It’s a quick story, but self-contained. We get a good feel for who Sarah and Jack are, although I’m not sure if they’re just friends or if there’s a potential for more there. I’m hoping the former. The authors also do a good job at fully developing the secondary characters, the Coates househould. There are a couple plausible suspects and Sarah and Jack do a good job at following upon the clues. There was one choice Sarah made that I wish she hadn’t, but women amateur detectives seldom seem to have the best sense of self-preservation.
It’s a perfect Halloween read, spooky and fun.
Reading this book contributed to these challenges:
The Dream Dragon by Kathryn England
Illustrator: Valeria Issa
Published by Xist Publishing on February 19, 2015
Genres: Picture Book
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A dragon protects a child’s dreams from nightmares in this picture book perfect for bedtime. Bedtime stories inspires a series of dream protectors for a little boy. The dream dragon keeps the nightmares away and is joined by dinosaurs, pirates, super heroes and more in the quest to keep nighttime safe.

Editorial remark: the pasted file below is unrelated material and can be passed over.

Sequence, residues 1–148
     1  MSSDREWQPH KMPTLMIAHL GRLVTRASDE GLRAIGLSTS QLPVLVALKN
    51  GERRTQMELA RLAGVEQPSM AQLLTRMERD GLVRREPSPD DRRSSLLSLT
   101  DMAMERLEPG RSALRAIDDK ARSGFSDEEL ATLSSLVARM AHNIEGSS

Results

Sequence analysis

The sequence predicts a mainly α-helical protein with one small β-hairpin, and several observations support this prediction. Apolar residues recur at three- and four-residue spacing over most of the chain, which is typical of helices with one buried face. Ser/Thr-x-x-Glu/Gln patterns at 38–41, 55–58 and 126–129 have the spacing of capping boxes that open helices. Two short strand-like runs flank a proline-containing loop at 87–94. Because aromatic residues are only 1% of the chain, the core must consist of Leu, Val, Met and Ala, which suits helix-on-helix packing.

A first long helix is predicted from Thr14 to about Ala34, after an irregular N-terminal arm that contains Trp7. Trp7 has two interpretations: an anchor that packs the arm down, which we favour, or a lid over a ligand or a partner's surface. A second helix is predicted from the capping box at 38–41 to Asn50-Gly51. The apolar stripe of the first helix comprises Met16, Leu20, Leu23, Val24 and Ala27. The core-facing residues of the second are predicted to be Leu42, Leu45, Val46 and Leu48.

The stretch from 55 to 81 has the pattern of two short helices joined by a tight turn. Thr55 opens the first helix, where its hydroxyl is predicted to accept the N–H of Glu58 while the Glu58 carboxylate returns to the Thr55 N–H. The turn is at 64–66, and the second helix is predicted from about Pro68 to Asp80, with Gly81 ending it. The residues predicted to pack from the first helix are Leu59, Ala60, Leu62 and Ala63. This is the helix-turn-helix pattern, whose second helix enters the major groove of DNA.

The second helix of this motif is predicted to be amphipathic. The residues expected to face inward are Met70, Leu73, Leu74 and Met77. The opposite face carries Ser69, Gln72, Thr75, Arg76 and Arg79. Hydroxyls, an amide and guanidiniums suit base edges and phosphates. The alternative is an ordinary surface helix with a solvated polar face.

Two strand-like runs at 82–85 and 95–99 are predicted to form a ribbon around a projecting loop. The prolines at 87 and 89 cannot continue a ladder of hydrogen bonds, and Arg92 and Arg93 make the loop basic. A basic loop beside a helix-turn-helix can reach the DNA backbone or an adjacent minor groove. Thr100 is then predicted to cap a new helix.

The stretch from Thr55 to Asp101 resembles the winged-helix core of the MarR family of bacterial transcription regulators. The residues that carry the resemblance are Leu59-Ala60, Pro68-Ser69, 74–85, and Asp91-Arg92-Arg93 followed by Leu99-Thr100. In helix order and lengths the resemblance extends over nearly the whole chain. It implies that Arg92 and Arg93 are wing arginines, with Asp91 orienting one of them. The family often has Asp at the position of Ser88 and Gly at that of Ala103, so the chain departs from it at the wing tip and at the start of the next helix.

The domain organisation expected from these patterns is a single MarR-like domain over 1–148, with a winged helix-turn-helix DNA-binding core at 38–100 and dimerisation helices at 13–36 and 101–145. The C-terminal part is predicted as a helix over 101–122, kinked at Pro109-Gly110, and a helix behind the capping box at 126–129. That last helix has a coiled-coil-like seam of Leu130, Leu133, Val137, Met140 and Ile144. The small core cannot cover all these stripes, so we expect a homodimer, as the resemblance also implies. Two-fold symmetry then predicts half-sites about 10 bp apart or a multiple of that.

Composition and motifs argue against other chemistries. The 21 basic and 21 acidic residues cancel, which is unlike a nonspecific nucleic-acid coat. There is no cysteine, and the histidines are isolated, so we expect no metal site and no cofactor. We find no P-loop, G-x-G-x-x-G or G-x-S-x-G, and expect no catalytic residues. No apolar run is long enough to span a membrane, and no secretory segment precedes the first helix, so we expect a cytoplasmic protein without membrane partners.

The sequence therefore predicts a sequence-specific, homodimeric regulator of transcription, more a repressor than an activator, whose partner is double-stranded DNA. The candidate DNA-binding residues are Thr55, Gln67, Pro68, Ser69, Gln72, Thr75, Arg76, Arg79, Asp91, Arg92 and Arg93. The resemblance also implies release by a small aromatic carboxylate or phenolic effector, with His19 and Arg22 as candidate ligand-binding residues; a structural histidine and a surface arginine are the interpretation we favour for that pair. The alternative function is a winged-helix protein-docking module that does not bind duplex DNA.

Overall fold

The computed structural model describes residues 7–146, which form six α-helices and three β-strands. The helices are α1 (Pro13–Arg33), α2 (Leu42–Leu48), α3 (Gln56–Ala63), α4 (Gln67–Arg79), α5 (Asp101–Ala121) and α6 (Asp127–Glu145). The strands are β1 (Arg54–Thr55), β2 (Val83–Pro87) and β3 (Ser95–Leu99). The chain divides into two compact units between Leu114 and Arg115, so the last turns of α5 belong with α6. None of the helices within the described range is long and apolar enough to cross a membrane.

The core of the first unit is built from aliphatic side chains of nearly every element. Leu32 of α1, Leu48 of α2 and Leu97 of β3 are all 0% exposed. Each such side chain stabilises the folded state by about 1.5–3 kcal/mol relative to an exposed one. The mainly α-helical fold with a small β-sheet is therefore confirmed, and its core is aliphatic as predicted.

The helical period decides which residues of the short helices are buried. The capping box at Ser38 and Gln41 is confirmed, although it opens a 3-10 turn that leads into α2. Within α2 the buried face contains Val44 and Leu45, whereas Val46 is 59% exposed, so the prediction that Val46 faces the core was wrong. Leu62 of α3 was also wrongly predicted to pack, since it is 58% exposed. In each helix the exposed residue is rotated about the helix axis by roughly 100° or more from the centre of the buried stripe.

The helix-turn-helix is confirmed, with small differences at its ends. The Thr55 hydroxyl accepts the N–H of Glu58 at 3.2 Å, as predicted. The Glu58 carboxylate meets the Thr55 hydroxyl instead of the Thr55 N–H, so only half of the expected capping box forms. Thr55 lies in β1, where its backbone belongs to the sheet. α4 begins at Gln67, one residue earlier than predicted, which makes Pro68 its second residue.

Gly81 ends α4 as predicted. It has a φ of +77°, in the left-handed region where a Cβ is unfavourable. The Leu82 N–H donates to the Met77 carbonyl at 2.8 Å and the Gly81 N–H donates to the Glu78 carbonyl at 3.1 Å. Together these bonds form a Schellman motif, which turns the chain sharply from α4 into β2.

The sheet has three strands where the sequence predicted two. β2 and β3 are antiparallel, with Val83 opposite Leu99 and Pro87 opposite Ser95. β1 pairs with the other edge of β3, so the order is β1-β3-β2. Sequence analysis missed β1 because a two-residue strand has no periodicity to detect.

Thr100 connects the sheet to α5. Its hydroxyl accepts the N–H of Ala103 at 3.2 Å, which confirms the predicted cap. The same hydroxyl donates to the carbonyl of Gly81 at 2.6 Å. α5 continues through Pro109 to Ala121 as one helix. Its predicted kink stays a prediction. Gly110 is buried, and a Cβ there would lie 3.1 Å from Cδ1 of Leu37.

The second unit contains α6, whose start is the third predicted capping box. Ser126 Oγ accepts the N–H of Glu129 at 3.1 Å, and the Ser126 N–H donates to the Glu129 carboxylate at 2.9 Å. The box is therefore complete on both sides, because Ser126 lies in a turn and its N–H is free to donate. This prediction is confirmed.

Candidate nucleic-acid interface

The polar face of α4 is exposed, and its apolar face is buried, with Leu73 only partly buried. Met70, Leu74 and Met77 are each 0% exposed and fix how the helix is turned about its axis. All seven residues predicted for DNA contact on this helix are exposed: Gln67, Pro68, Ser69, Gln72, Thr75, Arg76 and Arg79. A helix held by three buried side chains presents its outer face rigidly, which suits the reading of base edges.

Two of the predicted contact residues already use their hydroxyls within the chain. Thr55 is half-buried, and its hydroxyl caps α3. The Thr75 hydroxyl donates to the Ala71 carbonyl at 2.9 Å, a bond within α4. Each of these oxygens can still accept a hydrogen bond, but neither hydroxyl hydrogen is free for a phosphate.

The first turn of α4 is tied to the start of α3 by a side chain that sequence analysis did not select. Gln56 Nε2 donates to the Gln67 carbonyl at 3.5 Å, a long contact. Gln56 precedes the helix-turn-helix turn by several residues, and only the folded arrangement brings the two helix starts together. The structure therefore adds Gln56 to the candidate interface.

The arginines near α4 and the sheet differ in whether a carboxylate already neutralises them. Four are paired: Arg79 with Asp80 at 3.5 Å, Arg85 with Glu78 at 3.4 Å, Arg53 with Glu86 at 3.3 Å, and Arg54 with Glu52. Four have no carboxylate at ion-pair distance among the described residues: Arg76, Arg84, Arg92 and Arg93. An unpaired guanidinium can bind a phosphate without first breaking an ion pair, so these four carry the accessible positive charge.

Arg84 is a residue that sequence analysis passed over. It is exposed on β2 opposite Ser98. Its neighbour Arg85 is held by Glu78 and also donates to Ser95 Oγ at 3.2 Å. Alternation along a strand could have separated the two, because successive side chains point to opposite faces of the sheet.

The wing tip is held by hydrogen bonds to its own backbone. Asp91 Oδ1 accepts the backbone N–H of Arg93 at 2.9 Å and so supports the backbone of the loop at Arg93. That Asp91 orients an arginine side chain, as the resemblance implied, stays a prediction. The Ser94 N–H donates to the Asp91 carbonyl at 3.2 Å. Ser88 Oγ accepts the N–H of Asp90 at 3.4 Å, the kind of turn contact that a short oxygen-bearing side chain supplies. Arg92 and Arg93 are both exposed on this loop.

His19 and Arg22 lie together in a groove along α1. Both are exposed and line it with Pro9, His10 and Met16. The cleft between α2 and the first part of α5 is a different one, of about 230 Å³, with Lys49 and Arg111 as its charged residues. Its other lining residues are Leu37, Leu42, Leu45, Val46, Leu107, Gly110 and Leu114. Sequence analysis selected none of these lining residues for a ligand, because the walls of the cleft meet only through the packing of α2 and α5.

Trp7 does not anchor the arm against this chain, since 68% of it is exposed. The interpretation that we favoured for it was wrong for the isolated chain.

I should maybe quit reading kids books. I picked up The Dream Dragon because it looked cute and I try to keep an eye out for books my nieces/nephews would enjoy. And it was a fine book, I just felt a little sad for the dragon.
The dream dragon protects the boy’s dreams. He scares away the bad dreams, but he also pushes the good dreams to the edge, because he wants to be the dream the boy remembers. Then, a t-rex comes along and defeats the dragon. It is the new protector, but then comes along a superhero, then a pirate, and each, in turn, stars in the boy’s dreams.